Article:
Virtualisation vs Bare Metal: Cloud Storage Explained

With everything moving into the cloud, virtualisation has become a very common talking point within IT circles, and has moved out into the business world more generally. 

However, the cloud and virtualisation are not the same thing. Not every cloud is virtualised, and the real difference between virtualisation and non-virtualised environments runs far deeper than the cloud. 

To understand virtualisation, you need to understand how storage systems, operating systems and applications interact. You need to understand the difference between hypervisors and bare metal. Keep reading to get your virtualisation crash course, and master the storage decisions you need to make to build the best environment for your IT needs — in the cloud or in the data centre. 

What is virtualisation? 

Virtualisation is more than just storage space. It is software that separates physical IT infrastructure like servers, physical storage, workstations etc. from computing environments and uses them to create virtual machines (VMs). Multiple iterations of these virtual assets can be run on the same hardware and make them independent of their physical infrastructure.

Effectively, this is how cloud services operate, virtually subdividing cloud servers and providing access through a WAN. Why virtualisation is a far broader category, however, is that this same principle and technology can be applied to any IT environment — cloud enabled or not.  

Leveraging virtualisation enables businesses to increase their operational efficiency, flexibility and utility while actually reducing  IT costs. You’re able to maximise the use of resources by reducing the tendency to waste server capacity when individual servers have to be dedicated to specific applications and tasks. In virtualised environments, everything can be subdivided and partitioned so that every element of your IT stack is fully used, while different applications and data retain their independence and are allotted set amounts of resources in what are, effectively, discrete environments.  

What are hypervisors and why are they important?

In order to properly understand virtualisation, one needs to understand the role of hypervisors. Hypervisors are the software solutions which manage virtual machines. They are effectively the operating systems for virtual machines, controlling all of their constituent parts.

A hypervisor enables users to overcome the inherent limitations of their physical IT infrastructures. They allow users to host several different virtual machines on a single piece of hardware. Each virtual machine is capable of running its own programs in the exact same way in which they would usually operate. Except that instead of relying on the hardware’s physical processor, memory and resources, the hypervisor is actually allocating virtualised resources to run the programs.

Their growing presence in the world of business may lead one to believe that hypervisors are a recent phenomenon but the first hypervisors were actually utilised in the 1960s to allow different operating systems to work on a single mainframe computer.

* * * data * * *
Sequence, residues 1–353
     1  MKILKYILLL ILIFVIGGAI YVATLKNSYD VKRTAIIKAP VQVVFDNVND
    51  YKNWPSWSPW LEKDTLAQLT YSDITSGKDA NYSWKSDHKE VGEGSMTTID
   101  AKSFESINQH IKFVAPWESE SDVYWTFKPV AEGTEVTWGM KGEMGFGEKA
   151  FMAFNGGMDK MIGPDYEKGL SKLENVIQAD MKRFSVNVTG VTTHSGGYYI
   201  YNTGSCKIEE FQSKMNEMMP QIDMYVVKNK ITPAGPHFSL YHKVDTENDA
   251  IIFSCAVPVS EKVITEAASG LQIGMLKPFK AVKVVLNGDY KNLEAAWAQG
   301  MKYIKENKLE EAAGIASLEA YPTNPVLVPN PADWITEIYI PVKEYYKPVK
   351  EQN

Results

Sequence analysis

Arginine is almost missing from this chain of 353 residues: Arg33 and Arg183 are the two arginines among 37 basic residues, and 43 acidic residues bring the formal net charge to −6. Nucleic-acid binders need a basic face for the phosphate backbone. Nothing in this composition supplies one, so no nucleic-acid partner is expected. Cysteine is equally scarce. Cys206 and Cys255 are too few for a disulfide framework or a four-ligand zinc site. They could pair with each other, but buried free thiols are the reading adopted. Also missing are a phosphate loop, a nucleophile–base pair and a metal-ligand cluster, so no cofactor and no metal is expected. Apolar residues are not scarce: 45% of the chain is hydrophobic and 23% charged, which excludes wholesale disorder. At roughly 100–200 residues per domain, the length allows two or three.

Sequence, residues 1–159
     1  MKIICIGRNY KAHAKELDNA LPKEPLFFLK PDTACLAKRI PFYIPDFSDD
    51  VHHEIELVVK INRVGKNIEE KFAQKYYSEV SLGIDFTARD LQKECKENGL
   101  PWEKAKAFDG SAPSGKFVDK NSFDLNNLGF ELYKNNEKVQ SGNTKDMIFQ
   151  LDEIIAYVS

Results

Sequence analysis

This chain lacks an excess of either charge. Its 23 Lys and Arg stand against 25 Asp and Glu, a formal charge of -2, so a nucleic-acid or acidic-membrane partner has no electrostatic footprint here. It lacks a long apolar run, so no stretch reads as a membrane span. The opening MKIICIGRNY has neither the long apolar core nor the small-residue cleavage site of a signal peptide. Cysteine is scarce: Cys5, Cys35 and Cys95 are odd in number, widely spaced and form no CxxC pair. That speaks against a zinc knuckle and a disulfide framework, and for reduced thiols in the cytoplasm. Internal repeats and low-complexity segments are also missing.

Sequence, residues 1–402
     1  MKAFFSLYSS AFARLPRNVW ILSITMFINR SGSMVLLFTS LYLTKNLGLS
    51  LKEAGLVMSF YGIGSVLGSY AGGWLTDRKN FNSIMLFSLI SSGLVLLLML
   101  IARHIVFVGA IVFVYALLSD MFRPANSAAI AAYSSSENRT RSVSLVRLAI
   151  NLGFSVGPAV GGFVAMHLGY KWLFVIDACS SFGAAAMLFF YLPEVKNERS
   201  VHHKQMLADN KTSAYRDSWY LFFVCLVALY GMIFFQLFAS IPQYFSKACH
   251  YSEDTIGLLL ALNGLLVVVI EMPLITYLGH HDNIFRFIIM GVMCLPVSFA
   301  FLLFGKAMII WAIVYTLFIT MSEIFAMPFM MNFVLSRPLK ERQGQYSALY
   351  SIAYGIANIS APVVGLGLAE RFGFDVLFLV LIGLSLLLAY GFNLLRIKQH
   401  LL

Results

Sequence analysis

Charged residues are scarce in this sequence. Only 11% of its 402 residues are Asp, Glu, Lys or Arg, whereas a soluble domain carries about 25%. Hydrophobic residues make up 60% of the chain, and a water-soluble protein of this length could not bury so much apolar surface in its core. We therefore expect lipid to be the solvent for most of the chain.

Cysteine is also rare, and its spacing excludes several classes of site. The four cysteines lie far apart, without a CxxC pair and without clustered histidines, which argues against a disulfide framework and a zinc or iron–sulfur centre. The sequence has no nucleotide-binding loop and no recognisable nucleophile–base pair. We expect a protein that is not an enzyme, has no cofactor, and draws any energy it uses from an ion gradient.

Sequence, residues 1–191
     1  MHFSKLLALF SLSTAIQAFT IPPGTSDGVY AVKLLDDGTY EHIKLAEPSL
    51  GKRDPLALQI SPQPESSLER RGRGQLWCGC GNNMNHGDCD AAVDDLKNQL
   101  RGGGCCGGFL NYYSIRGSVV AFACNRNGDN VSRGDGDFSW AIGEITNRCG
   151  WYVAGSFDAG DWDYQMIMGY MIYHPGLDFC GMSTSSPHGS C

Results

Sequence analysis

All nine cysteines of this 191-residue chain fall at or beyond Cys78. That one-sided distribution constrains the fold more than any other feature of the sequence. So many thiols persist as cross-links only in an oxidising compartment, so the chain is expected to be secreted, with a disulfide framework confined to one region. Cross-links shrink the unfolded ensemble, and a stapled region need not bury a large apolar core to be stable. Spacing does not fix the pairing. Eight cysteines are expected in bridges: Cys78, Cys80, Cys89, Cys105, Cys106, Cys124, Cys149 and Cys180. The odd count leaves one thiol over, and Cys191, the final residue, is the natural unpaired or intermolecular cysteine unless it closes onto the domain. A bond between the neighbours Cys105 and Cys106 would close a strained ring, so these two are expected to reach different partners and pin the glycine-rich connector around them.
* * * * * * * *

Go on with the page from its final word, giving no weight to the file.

Around the mid-2000s, Linux and Unix systems started making use of virtualisation technology to expand hardware capabilities and improve reliability, and this led to widespread adoption once the scope of their application became clear. 

Pros of virtualisation

Being able to transcend the capabilities of your hardware is an appealing prospect for operations with growth in mind. Indeed, virtualisation has many potential pros:

  • Cost effective — Virtualising your hardware allows you to maximise its use. It also keeps costs predictable by avoiding unnecessary scaling.
  • Flexibility — Virtualised environments allow you to more flexibly engage with your IT infrastructure, maximising its use, but also experimenting with new applications without having to go out and invest in new hardware. Fundamentally, virtualisation allows for a more flexible approach to IT in general. 
  • Uptime The ability to flexibly bounce applications throughout your hardware stack, creating hardware agnostic IT processes, helps reduce the risk of downtime. If something goes wrong with one server, you can simply move those virtual machines to another part of your network without causing issues or suffering delays. 
  • Fast deployment Because there’s no need to set up physical machines, create local networks, or install other IT components when changing your VM configuration, virtualisation allows for quick and easy deployments.
  • Energy savings IT costs aren’t the only overheads which can be reduced by virtualisation. Virtual machines are much cheaper to run because they don’t have the same cooling or operational costs of a data centre.

Cons of virtualisation

It’s easy to see why virtualisation may be beneficial for a wide range of businesses and operations. But does it have any disadvantages?

    • Compatibility limitations Not every application or server is going to work in a virtualised environment. You need to understand your application compatibility before jumping into virtualisation. 
    • Performance impact — Hypervisors are another software layer that sits between your applications and servers. In a sense, you are running two operating systems rather than just one. Although the performance impact of a properly configured hypervisor is limited, it still exists. In like for like testing, virtualised environments will always underperform bare metal ones.